Inside, the Bears are remarkably gifted and deep. Not many NFL teams can match an interior trio like Whitehair, Daniels, and Long. Throw in one of football’s best guard slash center swingmen in Kush, and you have the recipe for a formidable middle wall.
It gets dicey at tackle, which is why the Bears keep multiple. If anything should happen to Leno or Massie, Chicago is in a precarious spot. That’s why the Bears won’t be able to afford being too picky with who they keep as depth.
Sowell suffered an ankle sprain against Kansas City, and is still the Bears’ top swing tackle. Coward is a defensive line convert progressing quickly, and is likely a year away from being a major contributor. Both are unfortunately the best the Bears can do for now.
Akiem Hicks, Eddie Goldman, Roy Robertson-Harris, Jonathan Bullard, Bilal Nichols, John Jenkins
Another one of the Bears’ better positions, they have tangible depth that can actually play now. Robertson-Harris looks poised for a breakout in his first year as a starter. Bullard is a solid rotational piece. The rookie Nichols may play a part in occasional special situations. And Jenkins is an experienced veteran that’s been around the block.
Add those four to one of the NFL’s best duos up front in Hicks and Goldman, and you have a recipe for disaster for opposing offenses. Hicks doesn’t have to worry about being overworked in 2018.
Leonard Floyd, Sam Acho, Aaron Lynch, Isaiah Irving, Kylie Fitts
By far the Bears’ thinnest and weakest position group, everyone outside of Floyd and Acho hold on more in that Chicago doesn’t have many options to choose from. That includes Lynch, who hasn’t featured at all this preseason and might be the Bears’ second best pass rusher anyway. And it includes Irving and Fitts: two young guys with limited ceilings but are better than nothing.
Long story short: the Bears better hope and pray Floyd – who is already working with a broken hand – doesn’t miss any significant time in 2018.
Roquan Smith, Danny Trevathan, Nick Kwiatkoski, Joel Iyiegbuniwe, John Timu
Smith, Trevathan, and Kwiatkoski comprise a group the Bears are very proud of and comfortable with. Should anything happen to Trevathan injury-wise, or if Smith isn’t fully prepared to play at the start of the regular season, Kwiatkoski is an excellent backup in an emergency situation. I’m don’t think any other NFL franchise can match the depth and talent Chicago possesses at inside linebacker.
Towards the bottom, Iyiegbuniwe projects as more of a contributor and starter in 2019, but should be solid enough to star on special teams early. While Timu has been one of the Bears’ valued players on the third phase for awhile. That’s enough to stick around.
Kyle Fuller, Prince Amukamara, Bryce Callahan, Cre’Von LeBlanc, Sherrick McManis, Michael Joseph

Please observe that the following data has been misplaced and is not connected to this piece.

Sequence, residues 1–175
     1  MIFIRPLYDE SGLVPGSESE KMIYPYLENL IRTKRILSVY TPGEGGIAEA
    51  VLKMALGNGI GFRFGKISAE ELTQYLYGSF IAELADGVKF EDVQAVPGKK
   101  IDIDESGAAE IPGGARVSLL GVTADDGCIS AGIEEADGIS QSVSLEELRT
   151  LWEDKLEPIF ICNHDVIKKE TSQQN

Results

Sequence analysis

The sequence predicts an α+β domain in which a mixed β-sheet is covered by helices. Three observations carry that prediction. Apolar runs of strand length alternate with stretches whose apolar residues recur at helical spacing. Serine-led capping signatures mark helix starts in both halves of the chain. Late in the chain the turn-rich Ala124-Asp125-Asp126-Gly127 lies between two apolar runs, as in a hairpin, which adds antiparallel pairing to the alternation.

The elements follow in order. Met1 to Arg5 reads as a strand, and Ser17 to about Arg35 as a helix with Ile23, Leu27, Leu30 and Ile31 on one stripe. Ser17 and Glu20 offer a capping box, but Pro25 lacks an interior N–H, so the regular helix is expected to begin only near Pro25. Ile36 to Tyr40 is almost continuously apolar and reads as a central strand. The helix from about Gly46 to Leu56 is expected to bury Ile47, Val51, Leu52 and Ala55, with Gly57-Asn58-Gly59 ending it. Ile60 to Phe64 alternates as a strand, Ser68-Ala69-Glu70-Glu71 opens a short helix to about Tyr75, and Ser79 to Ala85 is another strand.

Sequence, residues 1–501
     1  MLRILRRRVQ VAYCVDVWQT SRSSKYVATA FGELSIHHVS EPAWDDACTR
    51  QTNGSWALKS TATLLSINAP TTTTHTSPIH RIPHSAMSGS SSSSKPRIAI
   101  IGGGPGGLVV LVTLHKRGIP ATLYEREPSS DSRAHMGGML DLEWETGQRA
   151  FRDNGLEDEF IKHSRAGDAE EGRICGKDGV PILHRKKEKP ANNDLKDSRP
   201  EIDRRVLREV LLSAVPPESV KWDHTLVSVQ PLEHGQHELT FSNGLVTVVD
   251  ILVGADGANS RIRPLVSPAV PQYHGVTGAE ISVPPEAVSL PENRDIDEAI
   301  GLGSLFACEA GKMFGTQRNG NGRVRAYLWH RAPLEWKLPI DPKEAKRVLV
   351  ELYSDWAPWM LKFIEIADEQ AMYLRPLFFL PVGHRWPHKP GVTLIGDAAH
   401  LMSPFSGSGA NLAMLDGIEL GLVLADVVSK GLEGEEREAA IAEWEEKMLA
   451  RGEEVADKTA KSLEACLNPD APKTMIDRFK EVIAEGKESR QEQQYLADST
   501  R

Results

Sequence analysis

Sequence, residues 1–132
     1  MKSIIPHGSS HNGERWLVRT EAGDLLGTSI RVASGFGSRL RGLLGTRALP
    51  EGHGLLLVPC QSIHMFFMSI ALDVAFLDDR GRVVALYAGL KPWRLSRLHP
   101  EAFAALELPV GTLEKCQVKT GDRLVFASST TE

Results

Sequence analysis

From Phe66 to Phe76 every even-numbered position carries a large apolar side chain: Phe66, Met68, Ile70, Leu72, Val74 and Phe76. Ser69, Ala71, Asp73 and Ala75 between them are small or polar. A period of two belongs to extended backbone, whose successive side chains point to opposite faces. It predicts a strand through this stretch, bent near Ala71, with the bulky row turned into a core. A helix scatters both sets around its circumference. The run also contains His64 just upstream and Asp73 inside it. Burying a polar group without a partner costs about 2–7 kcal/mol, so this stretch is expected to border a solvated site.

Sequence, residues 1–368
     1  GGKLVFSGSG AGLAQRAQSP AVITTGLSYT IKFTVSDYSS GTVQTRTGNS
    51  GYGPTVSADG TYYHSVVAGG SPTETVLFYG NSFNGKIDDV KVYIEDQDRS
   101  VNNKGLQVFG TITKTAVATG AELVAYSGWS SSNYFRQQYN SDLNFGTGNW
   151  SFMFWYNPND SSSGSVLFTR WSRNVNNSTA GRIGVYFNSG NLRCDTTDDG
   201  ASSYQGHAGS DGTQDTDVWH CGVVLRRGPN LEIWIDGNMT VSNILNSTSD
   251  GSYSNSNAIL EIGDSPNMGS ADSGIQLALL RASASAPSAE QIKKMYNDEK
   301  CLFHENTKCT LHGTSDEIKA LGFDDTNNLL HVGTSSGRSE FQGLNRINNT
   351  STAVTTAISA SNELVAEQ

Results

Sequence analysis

In terms of starters, Fuller, Amukamara, and Callahan are a very able-bodied trio at cornerback. No one will confuse them for elite play, but they do their jobs and more as necessary.
The Bears would do well to stay healthy on the boundary, though, as there isn’t much of any reliability or experience behind Fuller and Amukamara. If Callahan misses time in 2018, LeBlanc can step in without missing a beat. If the boundary duo misses games, Michael Joseph is a shaky prospect at best. Having a noticeably good preseason is different from being attacked by NFL receivers when the action counts.
Eddie Jackson, Adrian Amos, Deon Bush, DeAndre Houston-Carson
While Houston-Carson suffered a broken arm against the Broncos a couple weeks of ago, he isn’t going on injured reserve. That more than anything is an indication the Bears’ top backup free safety and one of their best special teams players makes the active 53-man roster to start the 2018 season.
The Bears will have slim pickings of who to put behind Jackson, Amos, and their top backup in Bush in the meantime. That’s nothing to get worked up about when there aren’t capable replacements on the roster otherwise.
Cody Parkey, Pat O’Donnell, Patrick Scales
Finally, we reach the vaunted and highly anticipated pure specialists. Parkey is the NFL’s ninth-highest paid kicker, and is expected to give the Bears a measure of stability there they haven’t enjoyed in the past two seasons. Anything less than average kicking, and watch out for the news cycle.
I know there’s also been talk of Ryan Winslow potentially supplanting O’Donnell at punter, but I don’t see it. Winslow would have to have punted like Ray Guy in August with coffin corners galore if he was going to take over for Chicago. O’Donnell doesn’t have a firm future with the Bears on a one-year deal, but he pushes on a little longer.
Robert is an editor, writer, and producer for Windy City Gridiron, The Rock River Times, The Athletic Chicago, and other fine publications. You can follow him on Twitter @RobertZeglinski and reach him by email at firstname.lastname@example.org.